On Nov. 3 at the Acts Full Gospel Church in Oakland Democratic Congressman Mike Honda of San Jose reportedly invoked the question “What Would Jesus Do?” to a group of “little people” and “average citizens” as part of the Occupy Oakland Movement. The orchestrated answer came from the crowd: “spend money;” in other words “tax the rich.”
A four-minute video of the event can be found here.
The main slogan of the broader Occupy Wall Street Movement protesters has become “We are the 99 percent,” referring to the presumed growing difference in wealth in the U.S. between the so-called “1 percent” at the top of the social class levels and the remainder of the population.
It takes roughly $344,000 to qualify in the 1 percent category in the U.S.
Coincidentally, the median home price in Alameda County in Sept. 2011 was also $344,000. So the “average citizen” who sold their home in 2011 in Oakland or Alameda County was in the top one percent and next year they will fall back into the 99-percent category with the “little people.”
In Pasadena the median home value in 2010 was $510,000 and about 865 houses sold for more than $344,000. A very rough estimate is that about 2,400 households in Pasadena make more than $344,000 per year in gross income.
But what about Congressman Honda’s question: “What would Jesus do?”
It was Karl Marx’s fellow traveler and writer Friedrich Engels who was one of the first modern day leaders of a proletarian social movement who tried to appropriate Christianity for Communism when he wrote:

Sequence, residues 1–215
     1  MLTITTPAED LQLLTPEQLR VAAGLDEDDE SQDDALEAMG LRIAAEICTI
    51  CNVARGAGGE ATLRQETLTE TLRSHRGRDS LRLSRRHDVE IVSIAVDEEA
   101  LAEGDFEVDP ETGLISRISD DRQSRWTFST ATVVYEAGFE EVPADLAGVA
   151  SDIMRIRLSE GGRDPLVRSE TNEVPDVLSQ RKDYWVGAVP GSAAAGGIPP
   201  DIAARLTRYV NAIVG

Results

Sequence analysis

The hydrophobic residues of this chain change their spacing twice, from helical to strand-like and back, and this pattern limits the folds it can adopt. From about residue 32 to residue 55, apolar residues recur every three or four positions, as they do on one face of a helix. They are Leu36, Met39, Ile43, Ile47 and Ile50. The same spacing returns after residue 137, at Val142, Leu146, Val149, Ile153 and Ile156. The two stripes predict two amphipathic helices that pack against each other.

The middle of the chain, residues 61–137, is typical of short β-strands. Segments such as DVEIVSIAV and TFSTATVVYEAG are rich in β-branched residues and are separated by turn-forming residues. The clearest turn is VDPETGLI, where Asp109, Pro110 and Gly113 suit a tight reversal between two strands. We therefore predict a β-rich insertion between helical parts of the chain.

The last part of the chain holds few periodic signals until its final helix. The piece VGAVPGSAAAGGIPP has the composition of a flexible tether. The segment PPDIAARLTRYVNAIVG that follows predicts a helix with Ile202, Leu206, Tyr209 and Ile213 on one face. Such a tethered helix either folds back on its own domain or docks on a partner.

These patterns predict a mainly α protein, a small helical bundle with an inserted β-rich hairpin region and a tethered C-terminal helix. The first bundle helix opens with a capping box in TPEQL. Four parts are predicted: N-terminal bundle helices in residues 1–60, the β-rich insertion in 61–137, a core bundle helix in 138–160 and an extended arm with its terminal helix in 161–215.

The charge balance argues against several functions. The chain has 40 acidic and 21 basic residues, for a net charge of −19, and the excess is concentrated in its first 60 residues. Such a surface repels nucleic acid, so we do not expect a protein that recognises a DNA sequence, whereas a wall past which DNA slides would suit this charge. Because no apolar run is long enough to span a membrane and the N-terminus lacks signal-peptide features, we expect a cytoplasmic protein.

“The history of early Christianity has notable points of resemblance with the modern working class movement. Like the latter, Christianity was originally a movement of oppressed people: it first appeared as the religion of slaves and emancipated slaves, or poor people deprived of rights, of peoples subjugated or dispersed by Rome” (Marx and Engels, On Religion, 1894). Karl Kautsky went to so far as to say that Jesus was one of the first socialists and his movement achieved true communism.
In Monrovia, California during the Great Depression it was socialist writer Upton Sinclair who ran for Governor under the slogan “End Poverty in California” (EPIC), formed the A.C.L.U., and in his book “Religious Profits” believed that religion was the “source of income to parasites and the natural ally of every form of oppression and exploitation.” Sinclair never joined the Social Gospel movement of the Depression Era led by Walter Rauschenbusch.
In his book The Social Sources of Denominationalism written in 1929, American theologian and sociologist H. Richard Niebuhr said that religious movements are “the child of an outcast minority, taking its rise in the religious revolts of the poor.”
In the 1960’s, University of California trained sociologist Rodney Stark advanced a “deprivation theory” of religious social movements that proposed that people sought “religious solutions to their misery when direct action failed or was impossible.” But this theory failed to explain any difference with non-religious social movements and why such movements are typically led by the children of the wealthy, such as the adult children of Muslim elites recrutited into contemporary Jihadist-motivated terrorism.